Kathleen Hartigan, VP International at Clari
While there are hopes of inflation easing off, the current trajectory for the economy remains uncertain with spending levels low and falling and a recession likely to happen.
How businesses respond to these economic challenges is widely debated. Restructuring operations and cutting costs and spending are obvious tactics on the table. While these are sensible, if painful, to consider, business leaders need to also ask themselves whether their processes to manage the flow of revenue into the business are strong enough. Indeed, as enterprises navigate stormy economic weather, revenue leak – revenue earned but not yet captured – is an issue that needs to be fixed.
So, what steps should CFOs and other business leaders be taking to ensure they’re not leaving hard-earned revenue on the table?
Interrogate the business to kick start a revenue debate
A CEO or CFO needs data from multiple revenue dimensions to comprehend how the broader economy might impact the operating plan and revenue expectations. There must be intellectually honest, tough questioning about each segment, region and line of business to assess where the organisation is most likely experiencing headwinds that could impact revenue flows. Staff need to be fired up to plan for contingencies, prepare tactics to find and secure revenue, and do a “root and branch” assessment of the revenue potential within their books of business.
Fine-tune your customer insight antenna
Don’t stick your head in the sand. Encouraging customer outreach and communication are key. While you shouldn’t assume everyone is suffering, there are obvious warning signs to spot. If engagement has fallen off in an account, for example, that could signal potential churn. It’s equally vital to track outside trends. The customer success team should note any business risk they hear from customers, such as potential fallout from supply chain issues specific to a given geography.
Drill into the ‘three Cs’ of coverage, capacity, and conversion
Tighten up pipeline reviews and their frequency. If you don’t already have weekly cadences to review pipeline, establish that now, so if anything starts to slip, you will see it immediately. Make sure you have an equally clear view of your sales team’s capacity and pipeline changes. In a recession, you may need more pipeline to generate the same revenue as previous quarters. You’ll need to know if your reps can handle that increase or if the forecast is at risk. Creating financial models that run best- and worst-case scenarios helps prepare the revenue organisation, so everyone knows what plays to run immediately with macroeconomic shifts. Doing this without a powerful, easy-to-use revenue management platform is difficult, so consider investing in one.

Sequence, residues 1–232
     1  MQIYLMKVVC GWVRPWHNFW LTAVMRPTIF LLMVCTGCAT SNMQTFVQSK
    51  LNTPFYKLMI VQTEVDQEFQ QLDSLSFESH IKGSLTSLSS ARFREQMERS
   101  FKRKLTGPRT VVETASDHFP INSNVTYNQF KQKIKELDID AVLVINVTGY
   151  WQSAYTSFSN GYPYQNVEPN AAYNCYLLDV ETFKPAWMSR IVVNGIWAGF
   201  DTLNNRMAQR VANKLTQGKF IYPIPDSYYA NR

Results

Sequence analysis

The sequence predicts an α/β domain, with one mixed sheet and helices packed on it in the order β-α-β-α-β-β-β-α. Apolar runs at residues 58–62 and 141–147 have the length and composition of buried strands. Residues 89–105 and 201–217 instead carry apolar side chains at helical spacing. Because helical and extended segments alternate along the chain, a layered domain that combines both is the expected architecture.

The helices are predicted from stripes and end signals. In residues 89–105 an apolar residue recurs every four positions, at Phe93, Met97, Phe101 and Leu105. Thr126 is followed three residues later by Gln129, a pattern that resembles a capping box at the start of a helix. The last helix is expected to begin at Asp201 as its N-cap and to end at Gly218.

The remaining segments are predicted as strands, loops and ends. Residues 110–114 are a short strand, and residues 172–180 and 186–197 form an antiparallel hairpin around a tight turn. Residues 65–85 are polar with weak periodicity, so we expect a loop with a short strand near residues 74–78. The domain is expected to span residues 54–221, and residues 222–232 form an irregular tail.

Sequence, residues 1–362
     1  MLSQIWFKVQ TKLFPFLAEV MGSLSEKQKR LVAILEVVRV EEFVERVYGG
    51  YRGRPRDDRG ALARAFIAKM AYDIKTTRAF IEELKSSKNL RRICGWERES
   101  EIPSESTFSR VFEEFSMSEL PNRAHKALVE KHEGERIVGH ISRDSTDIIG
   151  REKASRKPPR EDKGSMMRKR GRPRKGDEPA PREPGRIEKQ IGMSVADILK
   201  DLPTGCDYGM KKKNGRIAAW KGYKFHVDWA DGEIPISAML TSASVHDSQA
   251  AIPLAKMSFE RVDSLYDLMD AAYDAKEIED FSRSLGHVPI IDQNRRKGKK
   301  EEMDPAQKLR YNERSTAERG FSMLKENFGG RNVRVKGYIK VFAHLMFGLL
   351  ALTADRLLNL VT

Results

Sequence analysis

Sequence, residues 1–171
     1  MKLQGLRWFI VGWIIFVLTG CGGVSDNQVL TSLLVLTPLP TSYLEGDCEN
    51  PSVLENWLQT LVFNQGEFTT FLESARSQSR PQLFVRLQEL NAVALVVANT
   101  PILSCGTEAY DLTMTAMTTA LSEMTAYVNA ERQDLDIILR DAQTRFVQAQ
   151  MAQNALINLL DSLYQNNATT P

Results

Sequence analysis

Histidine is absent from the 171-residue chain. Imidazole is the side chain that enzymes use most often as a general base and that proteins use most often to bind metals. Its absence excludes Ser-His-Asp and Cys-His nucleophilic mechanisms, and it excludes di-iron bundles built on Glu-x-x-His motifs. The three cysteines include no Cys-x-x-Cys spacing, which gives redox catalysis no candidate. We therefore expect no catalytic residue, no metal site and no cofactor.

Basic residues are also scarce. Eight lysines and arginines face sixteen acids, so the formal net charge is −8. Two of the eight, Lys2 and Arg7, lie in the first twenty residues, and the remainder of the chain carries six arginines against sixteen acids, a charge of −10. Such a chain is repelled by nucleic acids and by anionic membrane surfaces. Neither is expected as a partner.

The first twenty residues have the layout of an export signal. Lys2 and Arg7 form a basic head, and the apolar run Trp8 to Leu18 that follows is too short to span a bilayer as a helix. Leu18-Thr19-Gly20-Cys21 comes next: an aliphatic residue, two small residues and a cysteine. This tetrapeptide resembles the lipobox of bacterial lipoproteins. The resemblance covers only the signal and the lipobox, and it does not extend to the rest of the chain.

Protecting revenue with pressure tests
Every active deal should be assessed by sales leaders, with a risk level assigned to each deal based on the account’s size, industry, and region. These figures should highlight the areas where risk is likely to exist which saves time and spotlights potentially unreliable deals. Instead of moving forward with shaky deals that can either make or break your company in its current quarter, it is better to use the insight to predict how your business can be affected in times of economic uncertainty.
Finding the ‘why’
Tracking the reasons why deals are slipping will provide clarity into how to proceed with your out-quarter forecast and operating plan. This can be done by building in the requirements for data capture from reps when they are pushing a deal from one quarter to the next. From this, you can begin to assess whether deals are slipping based on addressable or non-addressable reasons and make an accurate plan of action.
Finding the ‘where’
It is crucial to pinpoint where your organisation is leaking revenue so that the problem can be diagnosed. This has become an issue for most companies, whether it’s due to passivity or a lack of oversight, as 64% of companies do not have standardised revenue assurance tools in their enterprise data systems, regardless of the fact that they are losing money. Executives can no longer afford to idly watch as resources are being wasted. Therefore, by reviewing revenue processes and systems, this can help you spot and monitor revenue leak.
Business leaders in every industry need to act now to stay ahead of the recession and protect revenue. Many are heeding the call to prioritise revenue assurance as a vital strategy for times of both economic challenge and opportunity. The most successful are leaning on new approaches to revenue collaboration and governance that simplify how to effectively manage pipeline, focus on the right deals, and forecast revenue with precision.